2. Is there any taboo to setting up a projector indoors and a screen in the garden to sit and watch? Broadcasting rights etc or will it simply be crap?

As an absolute newbie on this I can't decide if it's a great or stupid idea!
Hooray! At least now I know I am not the only person to want to try an outdoor projection screen setup! Many of my friends seemed to think I was crazy for this! Thank you for setting up this thread OP!
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Old 08-04-2013, 08:40
Nigel Goodwin
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chances are it would have been one of those LED boards/screens rather than a projector though,don't you think ? - if it was visible in the afternoon -
No, it was a projector - I was VERY, VERY impressed by it (I thought it was going to be completely crap!)

I didn't see it at night, as I'd gone home by them, but presumably it would have been even better?.
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Old 08-04-2013, 13:13
fastest finger
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Hooray! At least now I know I am not the only person to want to try an outdoor projection screen setup! Many of my friends seemed to think I was crazy for this! Thank you for setting up this thread OP!
I'm looking to do the same in my garden once the weather improves.
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Old 08-04-2013, 13:59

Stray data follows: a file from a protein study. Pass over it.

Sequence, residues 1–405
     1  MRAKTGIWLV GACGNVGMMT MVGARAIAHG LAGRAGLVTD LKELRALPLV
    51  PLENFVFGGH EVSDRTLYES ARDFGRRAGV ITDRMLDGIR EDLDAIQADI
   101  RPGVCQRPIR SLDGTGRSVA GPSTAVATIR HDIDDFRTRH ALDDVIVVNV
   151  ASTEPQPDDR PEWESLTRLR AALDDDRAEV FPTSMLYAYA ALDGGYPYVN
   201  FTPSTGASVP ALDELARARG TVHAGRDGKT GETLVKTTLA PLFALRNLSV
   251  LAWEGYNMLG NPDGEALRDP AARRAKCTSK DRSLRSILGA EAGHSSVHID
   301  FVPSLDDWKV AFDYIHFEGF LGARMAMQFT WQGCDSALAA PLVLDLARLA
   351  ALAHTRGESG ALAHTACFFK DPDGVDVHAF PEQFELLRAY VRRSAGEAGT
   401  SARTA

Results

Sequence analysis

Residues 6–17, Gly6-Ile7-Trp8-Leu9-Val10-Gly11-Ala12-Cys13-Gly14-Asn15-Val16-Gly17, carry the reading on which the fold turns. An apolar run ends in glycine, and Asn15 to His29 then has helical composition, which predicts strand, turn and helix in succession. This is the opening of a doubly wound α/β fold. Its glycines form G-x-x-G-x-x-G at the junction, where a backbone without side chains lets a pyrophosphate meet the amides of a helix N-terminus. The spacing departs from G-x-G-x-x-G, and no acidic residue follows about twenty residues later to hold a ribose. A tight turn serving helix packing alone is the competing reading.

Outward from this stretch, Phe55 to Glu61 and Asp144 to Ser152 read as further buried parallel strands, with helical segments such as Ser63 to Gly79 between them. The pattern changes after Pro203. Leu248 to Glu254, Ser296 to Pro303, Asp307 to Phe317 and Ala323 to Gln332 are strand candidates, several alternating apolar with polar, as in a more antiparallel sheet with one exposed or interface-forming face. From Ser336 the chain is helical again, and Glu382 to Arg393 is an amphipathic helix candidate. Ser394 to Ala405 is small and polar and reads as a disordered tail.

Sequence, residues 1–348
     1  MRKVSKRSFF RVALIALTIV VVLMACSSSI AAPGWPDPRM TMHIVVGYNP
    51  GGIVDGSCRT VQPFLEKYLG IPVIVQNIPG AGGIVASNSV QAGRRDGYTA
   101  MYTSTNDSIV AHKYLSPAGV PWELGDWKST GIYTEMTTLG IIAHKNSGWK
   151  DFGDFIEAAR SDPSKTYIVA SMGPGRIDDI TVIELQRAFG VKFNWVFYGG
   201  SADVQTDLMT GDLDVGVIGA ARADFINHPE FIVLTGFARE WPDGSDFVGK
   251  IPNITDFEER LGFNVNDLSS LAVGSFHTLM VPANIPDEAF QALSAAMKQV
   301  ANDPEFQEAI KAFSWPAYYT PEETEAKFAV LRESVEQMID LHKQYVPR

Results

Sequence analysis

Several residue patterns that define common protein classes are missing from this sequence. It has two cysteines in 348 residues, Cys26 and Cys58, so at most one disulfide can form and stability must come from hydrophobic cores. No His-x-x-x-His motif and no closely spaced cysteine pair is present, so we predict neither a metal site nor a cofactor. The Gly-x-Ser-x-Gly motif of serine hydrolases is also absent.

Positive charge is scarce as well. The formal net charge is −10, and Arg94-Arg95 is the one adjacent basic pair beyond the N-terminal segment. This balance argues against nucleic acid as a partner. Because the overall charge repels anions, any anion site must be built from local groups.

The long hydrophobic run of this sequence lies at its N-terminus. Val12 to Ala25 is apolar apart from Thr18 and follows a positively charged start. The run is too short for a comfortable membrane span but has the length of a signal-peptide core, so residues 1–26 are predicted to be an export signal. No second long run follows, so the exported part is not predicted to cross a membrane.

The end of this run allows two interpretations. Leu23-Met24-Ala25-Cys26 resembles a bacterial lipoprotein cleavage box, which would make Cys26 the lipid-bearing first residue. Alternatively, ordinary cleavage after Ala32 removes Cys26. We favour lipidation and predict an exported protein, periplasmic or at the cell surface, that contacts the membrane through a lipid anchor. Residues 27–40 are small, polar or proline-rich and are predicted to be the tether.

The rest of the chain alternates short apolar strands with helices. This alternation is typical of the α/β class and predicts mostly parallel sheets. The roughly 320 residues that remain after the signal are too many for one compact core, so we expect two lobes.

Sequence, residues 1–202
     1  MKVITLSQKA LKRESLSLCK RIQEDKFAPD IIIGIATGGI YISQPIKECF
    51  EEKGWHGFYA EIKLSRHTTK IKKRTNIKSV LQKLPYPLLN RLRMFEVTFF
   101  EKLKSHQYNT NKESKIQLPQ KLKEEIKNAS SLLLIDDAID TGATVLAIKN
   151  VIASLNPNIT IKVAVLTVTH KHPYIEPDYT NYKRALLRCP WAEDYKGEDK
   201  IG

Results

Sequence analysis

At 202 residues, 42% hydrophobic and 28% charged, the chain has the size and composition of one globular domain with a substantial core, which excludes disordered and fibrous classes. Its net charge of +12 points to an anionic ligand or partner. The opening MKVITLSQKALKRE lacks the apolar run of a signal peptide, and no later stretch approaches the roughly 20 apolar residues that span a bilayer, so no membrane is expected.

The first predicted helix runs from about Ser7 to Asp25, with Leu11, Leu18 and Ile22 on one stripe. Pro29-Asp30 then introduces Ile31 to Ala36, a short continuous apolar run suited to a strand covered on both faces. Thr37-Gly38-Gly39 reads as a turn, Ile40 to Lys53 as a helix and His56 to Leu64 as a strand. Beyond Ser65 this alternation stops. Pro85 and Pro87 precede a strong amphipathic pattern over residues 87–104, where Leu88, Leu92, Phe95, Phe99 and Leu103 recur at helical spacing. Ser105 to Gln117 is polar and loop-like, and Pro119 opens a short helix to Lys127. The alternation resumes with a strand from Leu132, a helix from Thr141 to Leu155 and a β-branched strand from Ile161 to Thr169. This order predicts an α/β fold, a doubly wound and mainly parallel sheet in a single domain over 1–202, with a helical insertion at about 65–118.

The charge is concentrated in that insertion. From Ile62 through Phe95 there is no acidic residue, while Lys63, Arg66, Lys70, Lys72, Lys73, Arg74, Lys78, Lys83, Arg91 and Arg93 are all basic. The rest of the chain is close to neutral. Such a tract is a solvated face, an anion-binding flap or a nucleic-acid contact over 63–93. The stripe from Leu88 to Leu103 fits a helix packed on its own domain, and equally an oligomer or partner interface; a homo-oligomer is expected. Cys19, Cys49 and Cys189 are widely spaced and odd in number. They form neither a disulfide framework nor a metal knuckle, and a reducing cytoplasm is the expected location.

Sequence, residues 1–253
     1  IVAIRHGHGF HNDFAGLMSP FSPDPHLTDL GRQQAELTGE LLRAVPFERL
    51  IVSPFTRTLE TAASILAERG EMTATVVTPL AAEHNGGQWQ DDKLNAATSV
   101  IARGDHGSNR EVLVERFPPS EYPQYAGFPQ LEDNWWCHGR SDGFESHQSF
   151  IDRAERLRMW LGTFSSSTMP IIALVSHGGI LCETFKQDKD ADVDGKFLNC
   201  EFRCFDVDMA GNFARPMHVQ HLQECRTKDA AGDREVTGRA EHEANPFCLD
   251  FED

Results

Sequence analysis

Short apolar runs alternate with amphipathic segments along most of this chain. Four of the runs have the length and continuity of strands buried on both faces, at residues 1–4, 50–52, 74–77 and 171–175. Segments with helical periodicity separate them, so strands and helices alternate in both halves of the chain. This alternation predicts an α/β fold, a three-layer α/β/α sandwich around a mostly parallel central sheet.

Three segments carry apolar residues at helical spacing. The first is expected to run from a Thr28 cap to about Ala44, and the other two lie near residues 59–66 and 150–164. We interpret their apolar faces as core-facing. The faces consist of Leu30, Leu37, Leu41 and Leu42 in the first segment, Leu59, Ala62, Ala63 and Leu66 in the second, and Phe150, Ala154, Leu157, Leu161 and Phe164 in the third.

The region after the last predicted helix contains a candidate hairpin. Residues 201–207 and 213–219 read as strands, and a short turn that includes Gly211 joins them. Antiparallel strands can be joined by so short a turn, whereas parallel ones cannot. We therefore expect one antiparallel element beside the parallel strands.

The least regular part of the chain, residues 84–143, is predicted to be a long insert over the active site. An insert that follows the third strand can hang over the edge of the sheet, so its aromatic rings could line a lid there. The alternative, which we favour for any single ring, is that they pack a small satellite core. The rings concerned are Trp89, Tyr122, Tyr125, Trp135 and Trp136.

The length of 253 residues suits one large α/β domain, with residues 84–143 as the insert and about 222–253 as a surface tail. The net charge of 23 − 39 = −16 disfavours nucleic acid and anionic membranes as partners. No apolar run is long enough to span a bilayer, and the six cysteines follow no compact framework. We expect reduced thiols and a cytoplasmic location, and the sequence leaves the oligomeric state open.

grahamlthompson
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Hooray! At least now I know I am not the only person to want to try an outdoor projection screen setup! Many of my friends seemed to think I was crazy for this! Thank you for setting up this thread OP!
Never been to a Drive in Cinema then

http://www.route66driveincinemas.co.uk/
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Old 08-04-2013, 14:44
Nigel Goodwin
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Never been to a Drive in Cinema then
There aren't many round here

However you do see them on the old American films, and of course as they ran at night brightness was no problem.
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Old 08-04-2013, 15:48
Stig
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Hooray! At least now I know I am not the only person to want to try an outdoor projection screen setup! Many of my friends seemed to think I was crazy for this! Thank you for setting up this thread OP!
I think you're all crazy! When it's warm enough in the summer to sit outside it won't be dark until 10pm. I've sure your neighbours will love the sound of watching TV outside!
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Old 08-04-2013, 18:54
g jones
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No need to get a projector just one of these.http://www.dailymail.co.uk/sciencete...osts-414k.html
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Old 08-04-2013, 20:48
Chris Frost
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Hmmm.... 414,000 for...for....oh yes. The James Bond gadget styling. The mechanism is cool. But at the end of the day this isn't even HD Ready resolution. 720p is 922,000 pixels roughly. That Porsche designed set is 725,000 pixels. And it's just an outdoor LED screen in fancy clothes. It's the same as the big screens at football grounds and shopping centres.